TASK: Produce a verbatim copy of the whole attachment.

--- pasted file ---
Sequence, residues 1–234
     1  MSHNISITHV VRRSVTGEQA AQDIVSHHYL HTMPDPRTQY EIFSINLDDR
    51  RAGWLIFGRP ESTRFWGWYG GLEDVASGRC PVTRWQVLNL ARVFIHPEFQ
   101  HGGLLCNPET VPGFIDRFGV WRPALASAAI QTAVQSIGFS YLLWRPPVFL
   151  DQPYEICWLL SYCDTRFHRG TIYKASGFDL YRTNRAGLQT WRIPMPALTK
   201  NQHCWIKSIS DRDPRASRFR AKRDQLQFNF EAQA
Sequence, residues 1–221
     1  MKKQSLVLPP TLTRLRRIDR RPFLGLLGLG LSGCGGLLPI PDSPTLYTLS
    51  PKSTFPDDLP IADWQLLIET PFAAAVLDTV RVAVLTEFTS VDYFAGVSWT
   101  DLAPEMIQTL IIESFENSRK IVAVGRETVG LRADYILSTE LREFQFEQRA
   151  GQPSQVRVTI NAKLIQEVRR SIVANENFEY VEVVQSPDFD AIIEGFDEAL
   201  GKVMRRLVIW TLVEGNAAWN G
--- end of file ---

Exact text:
Sequence, residues 1–234
     1  MSHNISITHV VRRSVTGEQA AQDIVSHHYL HTMPDPRTQY EIFSINLDDR
    51  RAGWLIFGRP ESTRFWGWYG GLEDVASGRC PVTRWQVLNL ARVFIHPEFQ
   101  HGGLLCNPET VPGFIDRFGV WRPALASAAI QTAVQSIGFS YLLWRPPVFL
   151  DQPYEICWLL SYCDTRFHRG TIYKASGFDL YRTNRAGLQT WRIPMPALTK
   201  NQHCWIKSIS DRDPRASRFR AKRDQLQFNF EAQA
Sequence, residues 1–221
     1  MKKQSLVLPP TLTRLRRIDR RPFLGLLGLG LSGCGGLLPI PDSPTLYTLS
    51  PKSTFPDDLP IADWQLLIET PFAAAVLDTV RVAVLTEFTS VDYFAGVSWT
   101  DLAPEMIQTL IIESFENSRK IVAVGRETVG LRADYILSTE LREFQFEQRA
   151  GQPSQVRVTI NAKLIQEVRR SIVANENFEY VEVVQSPDFD AIIEGFDEAL
   201  GKVMRRLVIW TLVEGNAAWN G